From left: Danielle Ohl, Phil Davis, Rachael Pacella and Selene San Felice—reporters at the Capital Gazette—address the crowd during a June 29, 2018, vigil for the victims of the newsroom shooting in Annapolis, Md.
Ryan Christopher Jones—The New York Times/Redux
By Madeleine Carlisle
October 29, 2019

Selene San Felice survived the 2018 Capital Gazette shooting and was preparing herself to testify that it was Jarrod Ramos who opened fire on her newsroom and killed five of her colleagues.

Then on Monday, a week before the trial was slated to start, came the news that Ramos was pleading guilty and admitting to the shooting at the Annapolis, Md. newspaper group. “It’s a huge relief to be able to just say that he admitted to it,” says San Felice, a features writer, “and not have to dance around it anymore.”

Ramos had originally pleaded not criminally responsible—Maryland’s insanity defense—meaning there would have to be a two-part trial. The first phase would determine whether the 39-year-old committed the horrific mass shooting. The second would focus on his mental state and would determine whether he could be held criminally responsible.

Ramos has now admitted to all 23 charges against him and prosecutors can skip the first part of the trial— sparing survivors and family members of the victims what was sure to a gruesome presentation of the evidence from the scene of the shooting. Ramos, who had a longstanding grudge against the newspaper after it reported on a criminal case against him, previously admitted to police that he entered the offices of the Capital Gazette on June 28, 2018 and opened fire.

San Felice acknowledges that she may still have to testify in the trial on Ramos’s mental state. But she says, “for the most part, the hardest is over.”

The five victims killed in the shooting were: Gerald Fischman, the editorial page editor; Rob Hiaasen, deputy editor; John McNamara, a sports writer and editor; Rebecca Smith, a sales assistant; Wendi Winters, a features writer.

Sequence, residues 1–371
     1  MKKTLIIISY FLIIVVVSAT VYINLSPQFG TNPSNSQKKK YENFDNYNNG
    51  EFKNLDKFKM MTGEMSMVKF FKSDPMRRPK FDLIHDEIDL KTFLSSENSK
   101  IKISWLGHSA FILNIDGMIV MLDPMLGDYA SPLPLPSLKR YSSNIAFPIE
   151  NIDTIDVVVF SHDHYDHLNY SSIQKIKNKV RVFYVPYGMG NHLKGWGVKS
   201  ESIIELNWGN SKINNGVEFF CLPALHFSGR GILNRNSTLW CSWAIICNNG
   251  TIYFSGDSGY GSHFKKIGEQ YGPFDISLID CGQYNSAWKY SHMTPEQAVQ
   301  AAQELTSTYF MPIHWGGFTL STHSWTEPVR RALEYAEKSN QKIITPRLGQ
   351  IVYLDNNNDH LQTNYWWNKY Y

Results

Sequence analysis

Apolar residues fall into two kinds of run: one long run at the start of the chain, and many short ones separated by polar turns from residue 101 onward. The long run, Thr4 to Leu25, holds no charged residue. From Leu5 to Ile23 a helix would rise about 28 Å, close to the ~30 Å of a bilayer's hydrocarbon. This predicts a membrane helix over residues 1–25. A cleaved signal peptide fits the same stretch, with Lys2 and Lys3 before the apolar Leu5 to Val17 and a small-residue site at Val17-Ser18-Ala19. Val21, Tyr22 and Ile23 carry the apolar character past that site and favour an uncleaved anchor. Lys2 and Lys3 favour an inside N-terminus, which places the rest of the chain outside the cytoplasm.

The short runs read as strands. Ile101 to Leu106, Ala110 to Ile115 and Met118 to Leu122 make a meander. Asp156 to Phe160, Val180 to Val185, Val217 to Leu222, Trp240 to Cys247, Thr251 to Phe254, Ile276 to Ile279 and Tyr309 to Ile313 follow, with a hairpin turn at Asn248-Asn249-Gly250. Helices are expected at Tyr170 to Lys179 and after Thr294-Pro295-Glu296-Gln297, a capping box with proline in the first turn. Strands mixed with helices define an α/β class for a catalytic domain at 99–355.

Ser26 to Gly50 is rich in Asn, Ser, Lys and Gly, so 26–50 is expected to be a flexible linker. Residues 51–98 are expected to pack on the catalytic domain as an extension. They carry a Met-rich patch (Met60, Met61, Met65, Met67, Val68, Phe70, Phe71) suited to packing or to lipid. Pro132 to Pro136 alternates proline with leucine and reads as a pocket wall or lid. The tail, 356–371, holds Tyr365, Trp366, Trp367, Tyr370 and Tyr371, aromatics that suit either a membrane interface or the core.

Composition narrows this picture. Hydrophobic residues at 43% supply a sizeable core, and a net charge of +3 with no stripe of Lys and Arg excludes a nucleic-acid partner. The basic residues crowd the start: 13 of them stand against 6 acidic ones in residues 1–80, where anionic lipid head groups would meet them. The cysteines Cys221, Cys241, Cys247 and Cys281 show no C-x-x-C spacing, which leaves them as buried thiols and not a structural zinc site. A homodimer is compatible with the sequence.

The attack on the newspaper shocked the nation and led to a public outpouring of support for local news. TIME featured Capital Gazette staffers as part of the 2018 Person of the Year cover: The Guardians.

“Nothing can bring back my husband, or any of the other wonderful people who were lost that day,” Andrea Chamblee, McNamara’s widow, says. “So all of it is bitter-sweet.”

Rick Hutzell, the editor of Capital Gazette, tells TIME that Ramos’ guilty plea is important for family and friends because they won’t have to sit through the first stage of trial.

“Obviously there was never any doubt that this is the man who barged into our office and killed five of our colleagues and friends,” Hutzell says.

Rachael Pacella, an environment reporter who survived the shooting, tells TIME that she was also relieved by Ramos’s guilty plea: “It basically eliminated a week of stress and worrying ahead of the first phase of the trial… I feel a lot lighter today than I did yesterday.”

She adds: “Like always, this is another chance to remember the people who were killed. It’s a time to reflect on their lives and their contributions.”

San Felice attended court hearing on Monday and described the day as “grueling” and “hard.”

“Sitting in there yesterday reminded me that being alive is… I call it an act of defiance,” San Felice says. “I’ve gotten so low honestly at this point that being alive doesn’t sound so great at times. But I have to live, I have to live as happily and as loudly with as many articles as I can.”

“I want to live,” she continues, “and I want to live as a reporter and I want to keep recreating that act of defiance every single day in my life.”

Write to Madeleine Carlisle at madeleine.carlisle@time.com.

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